22 Things Only Introverts Understand
Like sacred alone time and avoiding people in the grocery store
Extroverts: We adore your unbridled enthusiasm, boundless energy and ability to socialize with a houseplant. It’s inspiring. Also: exhausting. So, while we think you’re great, we wish you got us a little bit better. Here, 22 things that only true-blue introverts understand. Read on (in silence, of course).
1. That we can spend an entire evening with our nine best friends…and still count down the minutes until we get to go home to watch New Girl in peace.
2. The sweet relief that is somebody else canceling dinner plans.
3. That a true soulmate understands not to ask us how our day was because NO MORE TALKING PLEASE.
4. And that the phrase “what are you thinking?” actually means “your silence is making me uncomfortable.”
5. That it’s totally fine to make everyone think we’re away for the long weekend.
6. Or that we’re new in town. (Even though we’ve actually lived here for 13 months already.)
7. That strangers are always going to mistake our “normal face” for “resting bitch face.”
8. And that coworkers will mistake our quiet thoughtfulness as antisocial and non-participatory.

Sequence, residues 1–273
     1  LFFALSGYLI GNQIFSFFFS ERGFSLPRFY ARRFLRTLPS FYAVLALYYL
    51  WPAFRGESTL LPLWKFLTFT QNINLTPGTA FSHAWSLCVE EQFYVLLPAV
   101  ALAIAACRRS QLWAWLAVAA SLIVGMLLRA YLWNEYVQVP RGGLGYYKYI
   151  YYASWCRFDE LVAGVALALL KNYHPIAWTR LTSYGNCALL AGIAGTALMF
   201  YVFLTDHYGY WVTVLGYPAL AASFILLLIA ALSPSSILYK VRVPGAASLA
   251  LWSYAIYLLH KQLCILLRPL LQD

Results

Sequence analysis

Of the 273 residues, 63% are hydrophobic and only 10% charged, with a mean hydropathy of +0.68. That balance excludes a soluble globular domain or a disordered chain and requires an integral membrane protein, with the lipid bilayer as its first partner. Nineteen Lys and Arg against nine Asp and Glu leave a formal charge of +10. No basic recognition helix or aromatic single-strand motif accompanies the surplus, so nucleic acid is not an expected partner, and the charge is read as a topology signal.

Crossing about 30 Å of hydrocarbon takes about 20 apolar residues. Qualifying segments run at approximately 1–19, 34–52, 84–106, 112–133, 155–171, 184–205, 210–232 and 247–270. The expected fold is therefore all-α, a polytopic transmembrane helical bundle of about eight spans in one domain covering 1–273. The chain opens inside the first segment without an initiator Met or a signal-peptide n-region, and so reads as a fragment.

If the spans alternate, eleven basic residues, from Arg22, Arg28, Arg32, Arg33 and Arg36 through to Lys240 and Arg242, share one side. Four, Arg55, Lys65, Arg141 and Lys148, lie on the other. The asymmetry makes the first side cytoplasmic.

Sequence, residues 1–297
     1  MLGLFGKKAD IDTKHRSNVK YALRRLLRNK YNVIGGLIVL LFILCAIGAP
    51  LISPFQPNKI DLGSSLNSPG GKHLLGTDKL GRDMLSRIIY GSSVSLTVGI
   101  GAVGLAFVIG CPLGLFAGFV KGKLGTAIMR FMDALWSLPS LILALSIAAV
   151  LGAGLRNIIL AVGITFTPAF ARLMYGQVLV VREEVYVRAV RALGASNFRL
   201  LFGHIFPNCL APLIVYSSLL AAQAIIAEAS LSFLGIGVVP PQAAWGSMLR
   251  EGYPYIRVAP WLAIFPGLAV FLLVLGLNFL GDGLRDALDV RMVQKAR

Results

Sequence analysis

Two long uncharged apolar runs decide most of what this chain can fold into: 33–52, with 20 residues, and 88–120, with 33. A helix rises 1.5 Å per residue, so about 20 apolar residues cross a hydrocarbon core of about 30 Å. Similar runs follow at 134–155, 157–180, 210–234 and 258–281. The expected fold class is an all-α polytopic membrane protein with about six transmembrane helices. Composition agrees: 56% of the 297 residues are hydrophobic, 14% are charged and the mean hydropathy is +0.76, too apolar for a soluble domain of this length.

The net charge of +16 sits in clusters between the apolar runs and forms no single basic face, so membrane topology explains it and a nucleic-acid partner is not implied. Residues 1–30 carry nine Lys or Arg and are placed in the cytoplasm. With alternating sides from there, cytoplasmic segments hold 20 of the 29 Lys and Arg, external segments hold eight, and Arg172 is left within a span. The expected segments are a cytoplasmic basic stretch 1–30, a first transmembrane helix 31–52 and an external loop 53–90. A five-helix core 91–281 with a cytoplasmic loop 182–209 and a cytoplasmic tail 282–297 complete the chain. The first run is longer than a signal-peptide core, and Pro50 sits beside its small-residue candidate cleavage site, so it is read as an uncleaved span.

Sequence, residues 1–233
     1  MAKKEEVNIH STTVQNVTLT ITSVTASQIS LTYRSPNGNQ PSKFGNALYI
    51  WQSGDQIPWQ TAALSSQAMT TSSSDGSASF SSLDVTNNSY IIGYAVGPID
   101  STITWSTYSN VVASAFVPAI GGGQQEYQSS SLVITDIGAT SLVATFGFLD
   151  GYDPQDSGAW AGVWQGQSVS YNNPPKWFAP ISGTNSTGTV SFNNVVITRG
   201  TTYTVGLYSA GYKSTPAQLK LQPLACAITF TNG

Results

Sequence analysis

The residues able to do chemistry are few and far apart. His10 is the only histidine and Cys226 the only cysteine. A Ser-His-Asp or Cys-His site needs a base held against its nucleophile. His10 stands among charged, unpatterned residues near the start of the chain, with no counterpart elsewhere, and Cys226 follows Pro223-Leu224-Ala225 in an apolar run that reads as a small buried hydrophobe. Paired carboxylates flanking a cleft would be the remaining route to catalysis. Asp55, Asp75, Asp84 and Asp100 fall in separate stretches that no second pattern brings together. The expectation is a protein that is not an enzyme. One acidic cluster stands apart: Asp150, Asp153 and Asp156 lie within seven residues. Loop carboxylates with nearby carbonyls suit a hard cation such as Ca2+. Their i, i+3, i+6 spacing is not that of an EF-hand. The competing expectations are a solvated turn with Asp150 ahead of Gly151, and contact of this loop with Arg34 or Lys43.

9. That there is nothing worse than a group project where nobody’s in charge.
10. That having houseguests is more tiring than CrossFit.
11. That when we see someone we know at the grocery store, but they don’t see us…we’re totally going to sneak into the dairy aisle to avoid them.
12. The thrill that comes from traveling alone. (We can spend six hours perusing that Italian paper store and no one can give us grief!)
13. Related: solo movies, restaurants and Ikea trips.
14. That we turn into a silent observer when more than three people join our small group conversation.
15. And secretly hate when Mike invites even more people we don’t know to that purportedly intimate sushi dinner.
16. That we let all phone calls go straight to voicemail. (Let’s just text, OK, Aunt Carol?)
17. And find an excuse to run to the Rite Aid in the middle of Easter dinner.
18. The increasing creep of anxiety when we want to leave a party, but our ride wants to stay.
19. The sheer joy of a well-executed Irish goodbye.
20. That we can be chatty, and hilarious and sometimes even fun at parties--but still derive our energy from being by ourselves.
22. And hell is a crowded networking event where the acoustics are terrible and strangers keep grazing our lower back.